• I have Yahoo e-mail through one of my former ISPs, and I am still using the old HTML-based e-mail web interface that I started with a few years ago, despite their pleas for me to move to the "new & improved" java/ad interface.

      - RG>
    • by JavaRob (28971)

      I've learned to manage my e-mails without these kinds of filters,
      even when dealing with more than 100 e-mails a day. And, when you're
      getting that many e-mails a day, organizing "friends" to the top isn't
      likely to be much help.

      Absolutely agreed. I already know more or less what's going on with my friends (and they can call me if somehow I missed an important email).

      On the contrary, when a more-or-less stranger emails me because they might want to hire me for a project, or I get that rare email from a credit card company saying that my account has been locked for possible fraud, these may be all first-time, no-social-network emails, but they're far more important.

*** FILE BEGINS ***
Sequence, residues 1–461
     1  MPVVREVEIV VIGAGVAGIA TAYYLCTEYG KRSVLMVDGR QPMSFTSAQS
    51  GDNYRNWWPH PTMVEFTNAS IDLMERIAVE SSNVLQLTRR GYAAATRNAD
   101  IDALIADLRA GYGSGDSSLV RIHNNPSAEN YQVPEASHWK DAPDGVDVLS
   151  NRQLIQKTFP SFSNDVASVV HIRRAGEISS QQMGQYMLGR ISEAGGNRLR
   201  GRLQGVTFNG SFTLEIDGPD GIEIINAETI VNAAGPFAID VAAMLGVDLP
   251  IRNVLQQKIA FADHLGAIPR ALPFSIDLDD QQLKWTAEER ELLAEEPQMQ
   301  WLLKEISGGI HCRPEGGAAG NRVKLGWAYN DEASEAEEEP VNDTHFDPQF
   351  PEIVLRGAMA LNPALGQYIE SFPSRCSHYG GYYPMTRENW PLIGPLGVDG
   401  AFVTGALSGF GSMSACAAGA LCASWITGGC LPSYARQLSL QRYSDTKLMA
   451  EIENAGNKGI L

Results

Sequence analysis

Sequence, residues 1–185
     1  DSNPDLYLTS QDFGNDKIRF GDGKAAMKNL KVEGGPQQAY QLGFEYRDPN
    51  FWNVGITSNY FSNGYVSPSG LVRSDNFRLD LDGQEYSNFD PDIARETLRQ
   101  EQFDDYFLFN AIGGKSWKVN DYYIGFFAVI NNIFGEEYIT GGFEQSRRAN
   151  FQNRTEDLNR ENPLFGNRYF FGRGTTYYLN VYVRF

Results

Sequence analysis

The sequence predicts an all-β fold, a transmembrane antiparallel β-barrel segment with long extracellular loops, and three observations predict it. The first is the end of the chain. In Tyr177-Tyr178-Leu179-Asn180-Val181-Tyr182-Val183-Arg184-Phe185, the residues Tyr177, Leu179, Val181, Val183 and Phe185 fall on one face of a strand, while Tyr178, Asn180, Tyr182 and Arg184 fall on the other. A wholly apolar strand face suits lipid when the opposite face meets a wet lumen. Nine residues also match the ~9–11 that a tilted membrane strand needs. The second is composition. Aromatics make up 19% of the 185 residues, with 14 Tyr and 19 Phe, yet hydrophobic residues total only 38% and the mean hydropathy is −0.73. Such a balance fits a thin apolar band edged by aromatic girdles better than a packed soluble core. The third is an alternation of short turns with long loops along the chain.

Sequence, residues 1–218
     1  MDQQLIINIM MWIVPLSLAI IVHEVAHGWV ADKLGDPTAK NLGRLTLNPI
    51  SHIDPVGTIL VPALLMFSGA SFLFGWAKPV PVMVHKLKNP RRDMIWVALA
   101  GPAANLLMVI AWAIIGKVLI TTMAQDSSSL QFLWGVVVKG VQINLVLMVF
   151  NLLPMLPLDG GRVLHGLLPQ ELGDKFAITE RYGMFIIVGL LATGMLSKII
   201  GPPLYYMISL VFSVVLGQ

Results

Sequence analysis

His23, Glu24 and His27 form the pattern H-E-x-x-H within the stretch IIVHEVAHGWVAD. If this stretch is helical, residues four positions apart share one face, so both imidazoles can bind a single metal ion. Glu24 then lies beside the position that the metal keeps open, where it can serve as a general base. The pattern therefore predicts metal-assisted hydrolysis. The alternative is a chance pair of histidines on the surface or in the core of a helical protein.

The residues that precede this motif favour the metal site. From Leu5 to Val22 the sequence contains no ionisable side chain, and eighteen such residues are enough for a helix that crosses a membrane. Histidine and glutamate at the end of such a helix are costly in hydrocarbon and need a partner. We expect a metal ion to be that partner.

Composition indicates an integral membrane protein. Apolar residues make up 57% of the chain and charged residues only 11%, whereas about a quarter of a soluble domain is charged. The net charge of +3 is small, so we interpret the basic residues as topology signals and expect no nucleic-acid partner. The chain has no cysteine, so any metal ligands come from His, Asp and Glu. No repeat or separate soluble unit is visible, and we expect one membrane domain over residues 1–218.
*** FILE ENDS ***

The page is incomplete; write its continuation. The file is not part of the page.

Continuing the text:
It's better to just support good email triage skills. I remember

  • gmail (Score:5, Insightful)

    by wwmedia (950346) on Thursday January 10, 2008 @11:30AM (#21984292)
    google will never add Sorting into gmail,

    it goes against Googles "search not sort" line of taught,

    even tho it would be a useful addition to gmail to be able to sort emails

    fairplay yahoo, their webmail is already alot more user friendly than gmail
    • Re: (Score:3, Informative)

      by everphilski (877346)
      even tho it would be a useful addition to gmail to be able to sort emails

      Well, you can fake it easily enough by having mail skip the inbox and using tags like folders. I do that with high-traffic mailing lists that I don't want cluttering my inbox.
    • Re: (Score:3, Insightful)

      by Spokehedz (599285)